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A rose by any other name: The last thing Greece needs is more austerity

Wednesday, December 14, 2016  |   |  Tags:

Here we are again. More bailout negotiations, more back-and-forth over austerity and debt relief.

The latest chapter in Greece’s seemingly never-ending saga concerns the International Monetary Fund, which has refused to engage in Greece’s latest bailout program (Greece is on its third bailout since 2009).  The IMF’s position has been that Greece’s creditors must give Greece some form of debt relief (a position shared by Greece’s government). Eurozone leaders have drawn the line on debt relief, calling instead on Greece to implement tough reforms and other measures instead.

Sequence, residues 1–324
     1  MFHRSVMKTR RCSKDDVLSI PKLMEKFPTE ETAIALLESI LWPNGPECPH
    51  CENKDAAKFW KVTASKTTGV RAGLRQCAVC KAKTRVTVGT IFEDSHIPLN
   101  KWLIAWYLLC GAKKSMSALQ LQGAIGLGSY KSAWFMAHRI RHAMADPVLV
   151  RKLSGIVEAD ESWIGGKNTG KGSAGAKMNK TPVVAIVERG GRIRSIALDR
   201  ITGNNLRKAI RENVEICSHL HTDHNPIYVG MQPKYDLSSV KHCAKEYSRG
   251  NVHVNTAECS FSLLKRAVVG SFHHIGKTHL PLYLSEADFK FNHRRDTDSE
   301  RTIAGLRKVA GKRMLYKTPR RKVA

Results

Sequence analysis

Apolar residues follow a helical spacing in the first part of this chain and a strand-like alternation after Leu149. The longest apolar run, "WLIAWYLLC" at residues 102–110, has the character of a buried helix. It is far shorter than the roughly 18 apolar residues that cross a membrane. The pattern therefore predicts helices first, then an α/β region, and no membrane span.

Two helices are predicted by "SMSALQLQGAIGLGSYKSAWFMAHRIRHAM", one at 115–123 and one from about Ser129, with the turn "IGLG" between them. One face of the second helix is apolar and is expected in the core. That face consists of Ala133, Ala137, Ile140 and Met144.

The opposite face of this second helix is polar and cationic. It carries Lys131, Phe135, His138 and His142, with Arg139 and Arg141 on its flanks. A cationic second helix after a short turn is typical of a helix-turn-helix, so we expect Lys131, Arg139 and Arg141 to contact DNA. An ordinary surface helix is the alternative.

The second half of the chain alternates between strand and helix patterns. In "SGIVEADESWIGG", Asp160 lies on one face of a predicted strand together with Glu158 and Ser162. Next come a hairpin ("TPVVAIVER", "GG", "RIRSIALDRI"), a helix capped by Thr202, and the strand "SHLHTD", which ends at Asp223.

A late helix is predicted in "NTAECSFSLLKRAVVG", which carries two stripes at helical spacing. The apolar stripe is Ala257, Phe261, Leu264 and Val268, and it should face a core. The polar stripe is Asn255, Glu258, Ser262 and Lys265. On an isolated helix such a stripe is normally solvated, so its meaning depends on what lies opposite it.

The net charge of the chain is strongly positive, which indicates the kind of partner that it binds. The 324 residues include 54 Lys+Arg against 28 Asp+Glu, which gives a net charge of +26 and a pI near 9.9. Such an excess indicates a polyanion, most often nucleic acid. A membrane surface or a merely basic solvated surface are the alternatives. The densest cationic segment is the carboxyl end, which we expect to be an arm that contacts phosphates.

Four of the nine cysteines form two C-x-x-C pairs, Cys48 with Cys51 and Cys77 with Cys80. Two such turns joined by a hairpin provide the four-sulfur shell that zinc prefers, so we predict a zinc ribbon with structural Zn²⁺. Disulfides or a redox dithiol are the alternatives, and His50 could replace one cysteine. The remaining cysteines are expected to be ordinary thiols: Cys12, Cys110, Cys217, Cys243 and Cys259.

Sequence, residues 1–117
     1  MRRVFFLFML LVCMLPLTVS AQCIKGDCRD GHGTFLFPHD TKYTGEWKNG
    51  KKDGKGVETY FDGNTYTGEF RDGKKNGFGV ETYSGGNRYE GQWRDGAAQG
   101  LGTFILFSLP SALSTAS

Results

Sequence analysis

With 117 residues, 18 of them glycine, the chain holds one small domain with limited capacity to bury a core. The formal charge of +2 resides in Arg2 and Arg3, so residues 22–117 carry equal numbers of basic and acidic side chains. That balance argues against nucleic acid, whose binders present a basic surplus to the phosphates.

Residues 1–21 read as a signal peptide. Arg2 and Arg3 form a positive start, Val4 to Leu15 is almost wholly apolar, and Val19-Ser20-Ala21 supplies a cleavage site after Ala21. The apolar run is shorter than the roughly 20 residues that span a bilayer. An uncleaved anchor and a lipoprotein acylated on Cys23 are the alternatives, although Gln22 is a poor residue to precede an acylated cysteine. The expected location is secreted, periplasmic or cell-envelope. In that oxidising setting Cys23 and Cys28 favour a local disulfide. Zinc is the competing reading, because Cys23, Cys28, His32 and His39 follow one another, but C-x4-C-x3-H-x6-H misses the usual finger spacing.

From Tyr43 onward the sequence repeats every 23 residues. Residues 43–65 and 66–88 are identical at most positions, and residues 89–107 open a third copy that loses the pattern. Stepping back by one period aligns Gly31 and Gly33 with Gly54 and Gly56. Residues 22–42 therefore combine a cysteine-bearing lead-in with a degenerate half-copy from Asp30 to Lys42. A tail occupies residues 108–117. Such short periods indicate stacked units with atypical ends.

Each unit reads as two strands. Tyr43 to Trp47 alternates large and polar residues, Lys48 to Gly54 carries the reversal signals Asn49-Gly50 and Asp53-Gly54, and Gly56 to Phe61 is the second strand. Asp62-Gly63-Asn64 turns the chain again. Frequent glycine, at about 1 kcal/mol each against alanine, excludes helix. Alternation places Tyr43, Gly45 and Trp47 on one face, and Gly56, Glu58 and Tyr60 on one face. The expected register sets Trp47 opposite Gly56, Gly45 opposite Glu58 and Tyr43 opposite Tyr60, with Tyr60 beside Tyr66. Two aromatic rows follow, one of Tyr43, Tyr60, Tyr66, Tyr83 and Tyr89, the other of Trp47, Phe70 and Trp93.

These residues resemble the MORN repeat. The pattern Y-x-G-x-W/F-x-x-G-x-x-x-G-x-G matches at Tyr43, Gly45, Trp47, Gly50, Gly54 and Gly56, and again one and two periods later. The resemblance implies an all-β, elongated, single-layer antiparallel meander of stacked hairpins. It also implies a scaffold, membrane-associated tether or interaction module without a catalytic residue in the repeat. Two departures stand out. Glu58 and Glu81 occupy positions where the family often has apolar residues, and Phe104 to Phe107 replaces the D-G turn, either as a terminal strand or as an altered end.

So where does that leave the IMF? Well, the latest drama began when officials at the IMF published a piece rejecting austerity but calling for more pension and tax reform:

The IMF’s European director Poul Thomsen and head of research Maurice Obstfeld published a blog post on Monday night in which they denied that the Fund was responsible for asking Greece to adopt more austerity measures and claimed that the country’s pensions and tax benefits are still too generous.

Finance Minister Euclid Tsakalotos confronted the IMF mission chief Delia Velculescu over the blog post when talks between the Greek government and the institutions resumed in Athens Tuesday. Velculescu is said to have assured the Greek minister that the IMF did not want to make negotiations harder but simply to express its view.

The eurozone bailout fund has chided the IMF for its post, citing the desire to keep negotiations private.